Welcome to Bit, too. :D
     
    Last edited: 28 Sep 2020
  6. wolfticket

    wolfticket Downwind from the bloodhounds

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    Wow. Fully fabricating a perfect NES in metal is much more pleasing, hardcore and generally awesome than gutting one. Amazing work.
     
    -EVA- likes this.
  7. Defyant Mods

    Defyant Mods Multimodder

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    WOW that is amazing ! :rock::rock:all made possible thanks to that incredible little power supply !!!! Can i ask why the top wasn't welded but the bottom was?
     
  8. -EVA-

    -EVA- What's a Dremel?

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    The guys who did the metal bending and the welding for me had some difficulty with welding the bottom half and really didn't want to try the top since the sides were not as close together. I figured it would be OK since this was probably going to need as much air flow as possible...and indeed it really does get hot in there. It would definitely look much cleaner completely closed... something to try again in a version 2!
     
    Defyant Mods likes this.
  9. -EVA-

    -EVA- What's a Dremel?

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    Thanks!! There's definitely some amazing builds here and I love to see them! Good catch by the way, fixed
     
  10. Ianovski

    Ianovski Rawr!

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    This is insane! Superb job, looks stunning!
     
    -EVA- likes this.
  11. lowfat

    lowfat Minimodder

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    Incredible.....
     
    -EVA- likes this.
  12. TerHorstCustoms

    TerHorstCustoms Minimodder

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    This looks EPIC! :jawdrop:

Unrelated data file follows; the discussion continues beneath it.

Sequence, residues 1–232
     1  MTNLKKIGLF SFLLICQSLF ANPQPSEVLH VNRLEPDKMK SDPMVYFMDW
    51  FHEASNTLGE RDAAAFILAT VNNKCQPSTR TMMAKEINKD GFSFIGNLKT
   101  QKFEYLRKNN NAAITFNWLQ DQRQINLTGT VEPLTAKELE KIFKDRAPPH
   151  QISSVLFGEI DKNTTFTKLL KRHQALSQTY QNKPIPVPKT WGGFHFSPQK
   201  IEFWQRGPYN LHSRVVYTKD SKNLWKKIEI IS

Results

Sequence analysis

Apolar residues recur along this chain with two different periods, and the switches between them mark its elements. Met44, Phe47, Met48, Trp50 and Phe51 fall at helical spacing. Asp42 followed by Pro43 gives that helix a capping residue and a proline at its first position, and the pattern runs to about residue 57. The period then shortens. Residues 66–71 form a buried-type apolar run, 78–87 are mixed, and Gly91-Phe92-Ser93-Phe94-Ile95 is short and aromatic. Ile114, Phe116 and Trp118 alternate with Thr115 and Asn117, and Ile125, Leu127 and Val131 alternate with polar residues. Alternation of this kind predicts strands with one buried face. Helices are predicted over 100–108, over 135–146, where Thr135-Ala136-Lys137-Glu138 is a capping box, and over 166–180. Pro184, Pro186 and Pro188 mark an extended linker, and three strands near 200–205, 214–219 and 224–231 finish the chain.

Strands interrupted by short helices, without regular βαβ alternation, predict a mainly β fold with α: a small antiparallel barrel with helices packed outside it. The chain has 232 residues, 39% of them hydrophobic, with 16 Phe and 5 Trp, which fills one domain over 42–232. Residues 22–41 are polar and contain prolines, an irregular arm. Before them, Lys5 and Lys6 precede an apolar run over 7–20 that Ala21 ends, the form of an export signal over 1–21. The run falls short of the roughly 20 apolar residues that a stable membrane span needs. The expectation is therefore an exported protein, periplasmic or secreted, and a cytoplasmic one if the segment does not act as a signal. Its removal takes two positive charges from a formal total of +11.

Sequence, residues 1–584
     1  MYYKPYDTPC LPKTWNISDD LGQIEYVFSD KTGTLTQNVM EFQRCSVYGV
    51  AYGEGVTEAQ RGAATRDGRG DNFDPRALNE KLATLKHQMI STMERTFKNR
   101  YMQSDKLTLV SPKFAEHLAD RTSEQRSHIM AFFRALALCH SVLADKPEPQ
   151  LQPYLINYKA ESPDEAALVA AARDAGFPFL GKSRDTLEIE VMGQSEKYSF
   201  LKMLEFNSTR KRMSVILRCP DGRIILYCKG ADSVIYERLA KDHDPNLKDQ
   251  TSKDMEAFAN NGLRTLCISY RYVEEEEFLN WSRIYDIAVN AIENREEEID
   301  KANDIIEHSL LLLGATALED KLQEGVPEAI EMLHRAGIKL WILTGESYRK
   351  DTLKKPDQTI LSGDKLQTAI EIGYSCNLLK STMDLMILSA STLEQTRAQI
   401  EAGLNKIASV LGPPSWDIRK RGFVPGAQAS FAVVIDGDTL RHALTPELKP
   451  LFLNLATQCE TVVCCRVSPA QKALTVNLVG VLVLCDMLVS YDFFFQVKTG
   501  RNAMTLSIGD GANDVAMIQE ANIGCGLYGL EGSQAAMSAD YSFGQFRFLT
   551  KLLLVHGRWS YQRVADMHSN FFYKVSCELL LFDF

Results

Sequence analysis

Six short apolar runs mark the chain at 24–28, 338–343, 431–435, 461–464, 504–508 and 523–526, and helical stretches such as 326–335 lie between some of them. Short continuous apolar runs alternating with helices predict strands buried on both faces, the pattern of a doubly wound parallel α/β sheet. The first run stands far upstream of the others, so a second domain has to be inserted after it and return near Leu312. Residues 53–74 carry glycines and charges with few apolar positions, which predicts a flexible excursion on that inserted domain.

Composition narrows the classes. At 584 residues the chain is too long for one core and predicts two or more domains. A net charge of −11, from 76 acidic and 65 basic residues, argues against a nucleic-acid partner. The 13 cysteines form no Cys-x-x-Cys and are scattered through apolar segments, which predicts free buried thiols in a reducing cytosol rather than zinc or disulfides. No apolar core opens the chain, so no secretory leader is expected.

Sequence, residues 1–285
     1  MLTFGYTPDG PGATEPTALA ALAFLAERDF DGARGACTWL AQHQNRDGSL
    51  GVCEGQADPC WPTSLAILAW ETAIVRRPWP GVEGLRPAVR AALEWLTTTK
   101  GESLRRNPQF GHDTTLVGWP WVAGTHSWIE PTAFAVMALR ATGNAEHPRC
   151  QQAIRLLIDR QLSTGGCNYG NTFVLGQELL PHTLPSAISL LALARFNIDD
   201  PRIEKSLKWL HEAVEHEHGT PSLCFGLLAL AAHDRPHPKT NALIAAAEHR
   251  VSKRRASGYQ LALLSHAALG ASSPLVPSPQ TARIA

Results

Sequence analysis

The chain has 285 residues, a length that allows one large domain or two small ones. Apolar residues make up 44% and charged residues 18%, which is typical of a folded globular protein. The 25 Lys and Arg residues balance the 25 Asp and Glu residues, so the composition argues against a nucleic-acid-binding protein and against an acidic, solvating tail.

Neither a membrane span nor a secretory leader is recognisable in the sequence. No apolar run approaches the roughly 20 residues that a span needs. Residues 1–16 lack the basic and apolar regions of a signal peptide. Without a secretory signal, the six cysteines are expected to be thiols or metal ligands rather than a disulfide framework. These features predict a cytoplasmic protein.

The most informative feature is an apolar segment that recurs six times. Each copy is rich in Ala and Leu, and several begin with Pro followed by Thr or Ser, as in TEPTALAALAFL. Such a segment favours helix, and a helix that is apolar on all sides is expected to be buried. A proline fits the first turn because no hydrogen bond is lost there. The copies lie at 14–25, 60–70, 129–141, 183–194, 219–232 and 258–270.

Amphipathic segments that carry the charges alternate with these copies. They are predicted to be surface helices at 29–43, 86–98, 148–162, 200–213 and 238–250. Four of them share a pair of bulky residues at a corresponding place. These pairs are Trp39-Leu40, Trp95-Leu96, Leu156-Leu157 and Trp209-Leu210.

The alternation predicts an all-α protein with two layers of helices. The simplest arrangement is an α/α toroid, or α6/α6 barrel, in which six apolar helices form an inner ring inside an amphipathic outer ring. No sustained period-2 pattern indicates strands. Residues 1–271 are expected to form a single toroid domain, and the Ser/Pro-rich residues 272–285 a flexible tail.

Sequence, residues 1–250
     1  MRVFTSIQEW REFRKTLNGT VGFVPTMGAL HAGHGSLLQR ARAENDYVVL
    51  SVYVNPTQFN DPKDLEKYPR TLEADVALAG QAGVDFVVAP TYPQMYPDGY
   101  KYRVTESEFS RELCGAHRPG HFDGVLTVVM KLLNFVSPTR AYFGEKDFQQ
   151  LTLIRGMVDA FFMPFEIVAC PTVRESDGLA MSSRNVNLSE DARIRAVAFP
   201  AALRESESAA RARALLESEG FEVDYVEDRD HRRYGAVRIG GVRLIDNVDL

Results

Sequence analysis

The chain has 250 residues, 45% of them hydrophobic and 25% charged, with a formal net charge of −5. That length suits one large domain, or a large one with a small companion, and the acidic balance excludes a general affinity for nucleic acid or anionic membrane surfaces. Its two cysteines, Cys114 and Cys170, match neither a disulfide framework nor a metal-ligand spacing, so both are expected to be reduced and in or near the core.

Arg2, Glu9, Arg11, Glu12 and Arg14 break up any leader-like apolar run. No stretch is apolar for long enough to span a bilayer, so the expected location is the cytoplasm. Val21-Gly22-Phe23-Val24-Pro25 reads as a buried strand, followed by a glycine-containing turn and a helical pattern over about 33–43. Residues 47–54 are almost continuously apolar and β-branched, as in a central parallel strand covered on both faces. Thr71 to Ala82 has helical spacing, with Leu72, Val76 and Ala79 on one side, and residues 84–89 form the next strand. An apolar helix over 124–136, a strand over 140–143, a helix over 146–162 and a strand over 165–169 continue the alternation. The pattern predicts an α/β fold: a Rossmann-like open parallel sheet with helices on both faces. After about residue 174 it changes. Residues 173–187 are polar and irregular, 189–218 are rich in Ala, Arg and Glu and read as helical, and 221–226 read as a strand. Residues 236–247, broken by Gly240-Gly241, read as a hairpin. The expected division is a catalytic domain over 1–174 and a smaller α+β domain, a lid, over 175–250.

-EVA- likes this.
  13. kim

    kim hardware addict

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    hard to find adjectives that haven't been said yet... I love repurposed items.. remarkable work :jawdrop: truely :thumb:
     
    -EVA- likes this.
  14. -EVA-

    -EVA- What's a Dremel?

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    Thank you all for your support back in September and helping me win 3rd place for MOTM! I've been using the NES as my daily ever since and haven't run into any problems yet.

    Though, I have not received my prize yet from Bit Tech yet and I've been trying to get in contact with them for a couple of months, receiving very few responses. Anyone know the best way to get in contact with them? Much appreciated!
     
  15. enbydee

    enbydee Minimodder

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    I think from other threads that Corsair were struggling to fulfil their obligations but @MLyons might be able to tell you more.
     
    -EVA- likes this.
  16. MLyons

    MLyons 70% Dev, 30% Doge. DevDoge Staff Administrator Super Moderator Moderator

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    Hi @-EVA- . Yes as enbydee said the Corsair stock situation is currently very tricky with some stuff delayed for I think 15 weeks if I remember from their investors call yesterday. If you send me a DM along with your email address or the way you contacted us I'll make sure to have a look tomorrow for you.
     
    Last edited: 11 Feb 2021
    -EVA- likes this.
  17. Jean R built

    Jean R built Modder

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    I wanted to give updates about my situation, since the beginning of this month I'm starting to get the deliveries from Corsair.

    Each part was sent with different deliveries, right now I have the Reservoir and the CPU block, something is going to be delivered by the 15 February don't know what it is.

    They are sending the prizes, but like everyone else the COVID situation isn't helping anyone to stay within the scheduled time.
     
    MLyons likes this.
  18. TerHorstCustoms

    TerHorstCustoms Minimodder

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    Same here cpu block and pump res combo showed up last week. (Won a cpu and gpu block) today a comander pro arrived. To sure what is going on exactly but parts are getting send out :)
     
  19. -EVA-

    -EVA- What's a Dremel?

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    Ah, I understand. Manufacturers are definitely having a hard time keeping up for the demand for computer hardware right now. I will send you a note MLyons, thanks again